Stop picking recipes at random The internet is a wonderful rabbit hole of recipes. Picking a recipe purely based on the temptation of trying something new often requires you go out and shop for a bunch of ingredients. You will use maybe a few teaspoons of these ingredients and then leave them to die a slow death in the dark corners of your pantry. Instead of browsing through recipes based on cuisines or meal types, try to find recipes by typing the ingredients you have. Download apps that suggest recipes based on your list or pick more than 5 recipes with the same ingredients more or less and then shop.
Learn to cook without a recipe Always following recipes leaves our refrigerators overflowing with little bits of ingredients we couldn’t use. Freestyle cooking (my favourite way) is possible, easy and delicious. Such recipes are endlessly versatile. Check out how instagramable they are too. For the next 10 recipes that you follow, focus on technique rather than the exact steps, like this recipe here. Then recreate the same recipes without shopping and using whatever you have in the fridge.
Prolong the life of produce The life of produce can be extended beyond season by freezing, pickling and fermenting. Pickling and fermenting at home not only saves your pennies but also has benefits that stretch beyond food preservation. It’s great for your gut health, is easy to do and serves as a backup when you have no fresh veggies in the fridge. Having kimchi, sauerkraut, kefir, kombucha or sourdough in your fridge also ensures you don’t reach for packaged noodles when hunger and laziness decide to strike at the same time.
Share or donate extra food We all love that neighbor who shows up with an occasional pie or casserole. Be that neighbor. You don’t always have to bake a pie; a bowl of stew, pasta or curry is equally appreciated. And if this is not your cup of tea, find an organization working towards diverting food waste. There are apps you can download that will collect your food and ensure it reaches hungry people in your area.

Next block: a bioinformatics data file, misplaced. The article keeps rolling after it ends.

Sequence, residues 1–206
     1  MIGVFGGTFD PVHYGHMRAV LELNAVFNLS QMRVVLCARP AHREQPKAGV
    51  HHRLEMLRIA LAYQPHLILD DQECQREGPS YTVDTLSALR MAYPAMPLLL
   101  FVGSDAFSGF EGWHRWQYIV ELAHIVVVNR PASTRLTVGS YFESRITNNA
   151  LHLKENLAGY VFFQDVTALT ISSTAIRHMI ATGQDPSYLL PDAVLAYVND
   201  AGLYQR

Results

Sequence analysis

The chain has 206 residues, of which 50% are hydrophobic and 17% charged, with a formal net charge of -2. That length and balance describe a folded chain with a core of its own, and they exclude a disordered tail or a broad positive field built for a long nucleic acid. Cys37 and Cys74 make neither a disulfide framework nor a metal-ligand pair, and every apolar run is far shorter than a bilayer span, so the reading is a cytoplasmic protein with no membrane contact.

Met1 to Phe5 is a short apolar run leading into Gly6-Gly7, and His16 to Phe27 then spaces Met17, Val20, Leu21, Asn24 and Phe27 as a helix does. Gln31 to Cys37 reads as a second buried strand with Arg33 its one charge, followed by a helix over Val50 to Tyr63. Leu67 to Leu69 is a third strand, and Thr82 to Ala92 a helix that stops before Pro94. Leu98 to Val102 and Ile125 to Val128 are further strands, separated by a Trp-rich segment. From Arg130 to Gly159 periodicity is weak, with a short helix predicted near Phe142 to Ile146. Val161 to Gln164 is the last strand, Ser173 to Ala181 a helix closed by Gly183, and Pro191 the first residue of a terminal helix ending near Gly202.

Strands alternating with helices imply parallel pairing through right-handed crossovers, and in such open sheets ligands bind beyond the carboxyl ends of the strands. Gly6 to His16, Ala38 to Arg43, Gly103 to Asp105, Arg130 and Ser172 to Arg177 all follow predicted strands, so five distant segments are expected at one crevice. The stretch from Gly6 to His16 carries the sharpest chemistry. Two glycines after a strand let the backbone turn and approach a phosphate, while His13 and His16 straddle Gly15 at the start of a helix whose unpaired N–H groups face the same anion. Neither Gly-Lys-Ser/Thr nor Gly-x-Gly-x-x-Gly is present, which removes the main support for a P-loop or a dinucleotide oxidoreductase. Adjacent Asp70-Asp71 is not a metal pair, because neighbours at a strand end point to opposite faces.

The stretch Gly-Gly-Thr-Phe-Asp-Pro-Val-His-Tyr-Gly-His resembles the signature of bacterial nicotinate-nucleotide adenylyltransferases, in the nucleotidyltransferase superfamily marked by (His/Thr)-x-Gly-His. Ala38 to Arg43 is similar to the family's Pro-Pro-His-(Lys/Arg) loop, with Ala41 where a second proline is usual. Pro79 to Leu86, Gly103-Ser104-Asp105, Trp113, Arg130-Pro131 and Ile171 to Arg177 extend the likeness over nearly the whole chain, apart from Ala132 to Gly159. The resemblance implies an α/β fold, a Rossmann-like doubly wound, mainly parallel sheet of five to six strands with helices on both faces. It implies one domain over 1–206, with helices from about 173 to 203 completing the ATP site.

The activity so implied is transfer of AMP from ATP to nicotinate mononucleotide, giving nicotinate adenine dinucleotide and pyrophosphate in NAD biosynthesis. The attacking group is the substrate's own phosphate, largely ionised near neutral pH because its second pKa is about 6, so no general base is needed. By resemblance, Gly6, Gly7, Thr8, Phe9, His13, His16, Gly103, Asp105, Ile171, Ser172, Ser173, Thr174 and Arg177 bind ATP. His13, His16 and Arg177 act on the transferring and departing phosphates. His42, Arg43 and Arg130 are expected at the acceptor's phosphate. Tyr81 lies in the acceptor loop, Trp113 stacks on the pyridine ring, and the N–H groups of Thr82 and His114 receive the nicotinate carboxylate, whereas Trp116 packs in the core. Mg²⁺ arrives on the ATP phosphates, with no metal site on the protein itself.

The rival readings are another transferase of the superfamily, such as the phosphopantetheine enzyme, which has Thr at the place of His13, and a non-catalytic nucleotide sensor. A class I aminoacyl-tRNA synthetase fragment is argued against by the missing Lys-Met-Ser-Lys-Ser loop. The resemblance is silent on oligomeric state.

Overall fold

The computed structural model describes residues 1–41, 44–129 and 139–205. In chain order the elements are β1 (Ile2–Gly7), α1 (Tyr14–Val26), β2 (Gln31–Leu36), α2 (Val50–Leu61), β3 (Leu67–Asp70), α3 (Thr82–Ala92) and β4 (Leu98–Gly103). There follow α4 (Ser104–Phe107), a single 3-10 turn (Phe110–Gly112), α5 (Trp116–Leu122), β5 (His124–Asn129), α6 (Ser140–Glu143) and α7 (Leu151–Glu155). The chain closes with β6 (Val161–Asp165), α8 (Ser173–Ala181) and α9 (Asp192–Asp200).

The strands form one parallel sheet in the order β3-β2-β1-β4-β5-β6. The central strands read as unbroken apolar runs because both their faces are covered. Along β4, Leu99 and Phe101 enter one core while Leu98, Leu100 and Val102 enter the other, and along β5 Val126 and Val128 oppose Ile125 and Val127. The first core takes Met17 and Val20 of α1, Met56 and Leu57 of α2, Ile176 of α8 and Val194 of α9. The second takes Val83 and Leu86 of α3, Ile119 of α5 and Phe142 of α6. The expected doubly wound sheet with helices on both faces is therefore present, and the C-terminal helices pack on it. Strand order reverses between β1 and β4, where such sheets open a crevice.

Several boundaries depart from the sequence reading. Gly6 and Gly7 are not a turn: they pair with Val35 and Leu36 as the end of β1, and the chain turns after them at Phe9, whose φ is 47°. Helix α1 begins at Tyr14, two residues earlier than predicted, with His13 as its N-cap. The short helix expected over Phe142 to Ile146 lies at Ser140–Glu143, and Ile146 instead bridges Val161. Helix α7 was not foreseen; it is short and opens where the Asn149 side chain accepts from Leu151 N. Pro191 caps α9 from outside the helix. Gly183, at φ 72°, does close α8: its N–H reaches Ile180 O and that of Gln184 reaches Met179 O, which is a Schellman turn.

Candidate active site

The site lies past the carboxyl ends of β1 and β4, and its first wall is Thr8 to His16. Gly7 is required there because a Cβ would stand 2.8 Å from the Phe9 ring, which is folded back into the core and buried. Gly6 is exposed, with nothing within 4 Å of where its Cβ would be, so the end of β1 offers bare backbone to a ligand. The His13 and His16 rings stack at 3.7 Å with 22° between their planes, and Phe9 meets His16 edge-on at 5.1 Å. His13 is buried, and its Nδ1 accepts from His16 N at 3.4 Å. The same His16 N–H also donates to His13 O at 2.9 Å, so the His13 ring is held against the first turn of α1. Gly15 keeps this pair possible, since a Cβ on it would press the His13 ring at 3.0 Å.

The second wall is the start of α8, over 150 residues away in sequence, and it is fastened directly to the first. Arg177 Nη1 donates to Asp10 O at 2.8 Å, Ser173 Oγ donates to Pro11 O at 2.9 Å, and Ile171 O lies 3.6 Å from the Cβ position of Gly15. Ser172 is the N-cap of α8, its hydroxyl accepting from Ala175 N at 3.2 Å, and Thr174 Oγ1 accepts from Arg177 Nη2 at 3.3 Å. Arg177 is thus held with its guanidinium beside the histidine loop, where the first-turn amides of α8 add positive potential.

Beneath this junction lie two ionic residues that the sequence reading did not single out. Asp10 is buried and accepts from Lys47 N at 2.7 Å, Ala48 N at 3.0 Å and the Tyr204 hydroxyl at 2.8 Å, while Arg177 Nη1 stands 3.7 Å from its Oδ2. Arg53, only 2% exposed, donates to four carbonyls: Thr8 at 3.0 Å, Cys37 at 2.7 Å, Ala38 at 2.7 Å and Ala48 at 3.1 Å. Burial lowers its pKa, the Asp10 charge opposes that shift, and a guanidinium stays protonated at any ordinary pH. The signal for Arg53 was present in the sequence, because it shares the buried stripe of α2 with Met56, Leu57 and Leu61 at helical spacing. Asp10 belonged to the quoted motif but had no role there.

Grow your own food, whatever you can, every little bit counts Access to cheap and plentiful food has made us lose our connection with nature. Growing your own, even if it is just herbs, will help you understand how much effort goes into producing food. The more we understand it, the more we give food the respect it rightfully deserves and the less we waste it. Plant a few herbs or a fruit tree, teach your kids to take care of it, visit a farm, find out if there is a farming service in your area or allotments where you can plant a veggie garden.
Start composting Home composting can potentially divert up to 150 kg of food waste per household per year from going to the landfill. If you’ve never attempted it before, find an easy guide to composting, here. Use the compost to grow more delicious food. If you live in a small apartment and don’t have space, ask a few neighbors and set up a community compost, all you need is a large bin. Or maximise the power of sharing economy, find a composting service in your area.
Climate crisis is a pressing subject demanding immediate attention. Not taking responsibility of our predicament will determine the fate of all our futures. Reducing waste is an accessible and culturally acceptable way we can reduce our impact on the planet.
Every little bit counts, do what you can.